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College, NCAA leaders reportedly set to take aim at NIL's pay-for-play recruiting evolution

Sports Illustrated reports college athletics leaders are grappling with the influx of booster involvement in ongoing "NIL' recruiting efforts

Condoleezza Rice has been a national political figure, as the United States’ Secretary of State, a trail-blazing member at Augusta National Golf Club and a member of perhaps college athletics’ most-scrutinized group of influencers – the College Football Playoff Selection Committee.

So last week when Rice told an overflow-crowd at the University of Notre Dame that the current state of Name, Image & Likeness solicitation across the collegiate landscape – especially as it pertains to its ever-expanding impact in college football recruiting – has become “the Wild West,” it perhaps resonated a bit more than standard commentary.

Tuesday, Sports Illustrated’s ace reporter, Ross Dellenger, provided insight on the NCAA’s potential plan to interject itself into the NIL “Wild West” via task force of leaders throughout collegiate athletics

Presently, the NCAA already has bylaws that prohibit any institution’s boosters – those with direct ties and monetary involvement with the school – from involving themselves into the recruitment of a prospective student-athlete. This plan, per the SI report, is set to further drive home that point.

“The new directives will highlight existing NCAA bylaws that outlaw boosters from participating in recruiting, reminding member schools of guardrails that, while in place for years, have been bent and broken during the first 10 months of the NIL era, officials say. Under a long-held NCAA rule, boosters are a representative arm of an athletic department and are not supposed to associate with or persuade prospects,” SI reports.

The impact of NIL – and its perceived prevalence in a de facto monetized recruiting setting, such as The Athletic’s recent report that a 2023 prospect – sources with direct knowledge indicated its consensus five-star prospect and University of Tennessee commitment Nico Iamaleava – was set to receive between $6-8 million for his collegiate services has ratcheted up the drive for some form of governance.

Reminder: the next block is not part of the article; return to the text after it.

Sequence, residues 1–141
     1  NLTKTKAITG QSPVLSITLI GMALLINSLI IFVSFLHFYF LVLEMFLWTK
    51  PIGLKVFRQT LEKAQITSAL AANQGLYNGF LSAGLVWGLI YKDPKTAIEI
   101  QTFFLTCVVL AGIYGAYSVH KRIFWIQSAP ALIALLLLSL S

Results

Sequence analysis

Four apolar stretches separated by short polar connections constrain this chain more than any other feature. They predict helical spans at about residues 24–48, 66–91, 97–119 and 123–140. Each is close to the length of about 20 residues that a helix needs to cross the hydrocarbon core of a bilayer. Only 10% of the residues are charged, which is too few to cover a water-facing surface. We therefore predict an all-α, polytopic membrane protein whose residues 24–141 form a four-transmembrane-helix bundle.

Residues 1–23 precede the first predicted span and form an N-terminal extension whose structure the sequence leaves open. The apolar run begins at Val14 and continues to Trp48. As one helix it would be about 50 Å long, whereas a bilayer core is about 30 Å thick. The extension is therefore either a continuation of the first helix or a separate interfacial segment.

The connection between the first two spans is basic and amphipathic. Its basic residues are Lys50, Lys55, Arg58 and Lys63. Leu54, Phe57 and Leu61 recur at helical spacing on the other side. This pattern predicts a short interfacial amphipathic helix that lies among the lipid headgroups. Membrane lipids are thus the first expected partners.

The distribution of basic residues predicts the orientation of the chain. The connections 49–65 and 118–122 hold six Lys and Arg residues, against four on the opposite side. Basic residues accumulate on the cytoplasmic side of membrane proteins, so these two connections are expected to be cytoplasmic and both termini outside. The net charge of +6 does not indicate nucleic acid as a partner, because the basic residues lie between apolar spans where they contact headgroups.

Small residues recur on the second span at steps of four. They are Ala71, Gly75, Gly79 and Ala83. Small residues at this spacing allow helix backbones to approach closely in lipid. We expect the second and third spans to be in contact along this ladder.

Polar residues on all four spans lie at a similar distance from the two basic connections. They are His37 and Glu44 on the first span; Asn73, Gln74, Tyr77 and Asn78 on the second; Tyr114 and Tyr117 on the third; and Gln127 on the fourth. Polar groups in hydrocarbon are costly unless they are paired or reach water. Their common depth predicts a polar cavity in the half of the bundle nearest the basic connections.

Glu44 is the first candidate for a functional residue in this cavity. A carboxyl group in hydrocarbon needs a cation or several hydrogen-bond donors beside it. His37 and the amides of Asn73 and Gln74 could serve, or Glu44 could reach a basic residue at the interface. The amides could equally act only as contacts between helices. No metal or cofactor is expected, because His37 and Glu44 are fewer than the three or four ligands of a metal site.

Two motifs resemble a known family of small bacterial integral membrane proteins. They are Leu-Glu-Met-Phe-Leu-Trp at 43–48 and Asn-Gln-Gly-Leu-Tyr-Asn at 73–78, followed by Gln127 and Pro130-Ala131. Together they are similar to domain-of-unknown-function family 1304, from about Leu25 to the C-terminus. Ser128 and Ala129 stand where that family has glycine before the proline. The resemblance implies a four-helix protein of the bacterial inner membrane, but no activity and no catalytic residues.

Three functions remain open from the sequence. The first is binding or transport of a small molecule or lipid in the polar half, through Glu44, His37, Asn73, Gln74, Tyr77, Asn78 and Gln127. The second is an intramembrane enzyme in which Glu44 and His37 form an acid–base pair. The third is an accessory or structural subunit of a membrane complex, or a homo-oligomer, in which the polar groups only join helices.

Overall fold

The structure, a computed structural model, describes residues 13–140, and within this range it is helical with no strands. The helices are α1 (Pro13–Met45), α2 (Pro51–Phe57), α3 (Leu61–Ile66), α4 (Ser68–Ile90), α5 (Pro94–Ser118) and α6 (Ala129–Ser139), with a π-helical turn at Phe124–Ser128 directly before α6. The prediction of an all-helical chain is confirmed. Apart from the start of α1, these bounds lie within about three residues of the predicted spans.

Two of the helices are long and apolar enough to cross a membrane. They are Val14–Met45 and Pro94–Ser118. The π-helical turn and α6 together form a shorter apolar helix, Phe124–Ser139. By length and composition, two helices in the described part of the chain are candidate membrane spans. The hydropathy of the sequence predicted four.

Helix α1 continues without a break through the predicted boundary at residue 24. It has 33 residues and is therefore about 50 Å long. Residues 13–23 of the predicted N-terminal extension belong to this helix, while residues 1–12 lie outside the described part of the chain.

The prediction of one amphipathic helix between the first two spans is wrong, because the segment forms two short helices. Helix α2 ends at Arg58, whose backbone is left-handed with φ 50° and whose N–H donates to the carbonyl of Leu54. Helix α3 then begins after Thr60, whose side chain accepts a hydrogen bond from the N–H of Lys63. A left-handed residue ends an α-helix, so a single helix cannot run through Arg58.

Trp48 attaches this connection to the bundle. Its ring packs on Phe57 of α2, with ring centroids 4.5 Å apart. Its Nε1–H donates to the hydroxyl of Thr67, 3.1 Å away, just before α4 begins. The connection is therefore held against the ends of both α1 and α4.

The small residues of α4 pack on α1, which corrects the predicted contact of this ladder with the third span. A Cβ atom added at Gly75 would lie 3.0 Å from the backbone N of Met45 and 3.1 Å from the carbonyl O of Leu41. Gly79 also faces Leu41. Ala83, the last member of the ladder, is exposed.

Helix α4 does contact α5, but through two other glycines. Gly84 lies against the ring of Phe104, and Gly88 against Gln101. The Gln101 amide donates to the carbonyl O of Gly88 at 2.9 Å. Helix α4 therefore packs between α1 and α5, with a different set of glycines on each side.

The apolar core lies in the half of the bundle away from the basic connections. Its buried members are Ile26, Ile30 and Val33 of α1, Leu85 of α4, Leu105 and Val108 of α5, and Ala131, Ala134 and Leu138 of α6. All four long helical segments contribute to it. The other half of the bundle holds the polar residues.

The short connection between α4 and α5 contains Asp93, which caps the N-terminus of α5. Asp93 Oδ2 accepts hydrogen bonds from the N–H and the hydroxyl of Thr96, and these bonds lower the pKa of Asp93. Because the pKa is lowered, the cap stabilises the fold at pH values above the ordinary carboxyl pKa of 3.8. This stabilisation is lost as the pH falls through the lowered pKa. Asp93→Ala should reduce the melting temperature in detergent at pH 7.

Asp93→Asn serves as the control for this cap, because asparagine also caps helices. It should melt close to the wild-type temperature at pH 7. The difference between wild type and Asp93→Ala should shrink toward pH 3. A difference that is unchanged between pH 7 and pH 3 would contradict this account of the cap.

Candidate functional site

Per the SI report, collegiate leaders have targeted the growing role of booster-led “collectives” across college athletics and particularly impactful in football recruiting. Schools ranging from Ohio State to Texas to South Carolina to Tennessee and Notre Dame, among myriad others, have launched collectives envisioned to directly impact and subsidize student-athletes.

Middle Tennessee State University, for example, recently amended its funding platform to enable donors to directly give to a student-athlete benevolence fund.

At Tennessee, the Spyre Sports Group has been heralded for its role in the Vols’ NIL successes of current student-athletes – from members of the top-ranked UT baseball team to quarterback Hendon Hooker and others – as well its impact in UT’s securing the commitment of Iamaleava, among others.

Spyre Sports is funded primarily from multiple high-level UT boosters whose names adorn multiple buildings upon the Rocky Top campus, as well as also having the direct benefit of legal representation from UT alumni. The group also is headed by multiple UT graduates.

“In recruiting, we have inducements created,” SEC Commissioner Greg Sankey, who’s served on NCAA committees ranging from the Committee on Infractions to Legislative Council to the CFP expansion committee, among others, earlier told SI. “Which was a concern all along.

“You’ve seen the stories. I don’t know that many have been actually verified. Now people have time and creativity and motivation to fully explore NIL and that is very uncomfortable in college athletics, but as long as it is compliant with state law, it seems those activities can take place.”

Speaking of state law, California has been a torchbearer in adopting legislation to empower student-athletes to earn from their personal brands, and Alabama early adopted a proactive NIL law – though the state later rescinded the bill. Just late last month, Tennessee adopted legislation that was signed by Gov. Bill Lee and provided a pathway for the state’s institutions of higher learnings to have direct involvement in the NIL arena.

As a Power-5 coach told FootballScoop, “We’re heading to an entirely different sport. It’s going to look like the NFL if something isn’t done. It’s going to be about 36 teams (with facilities and funding) and everybody else.”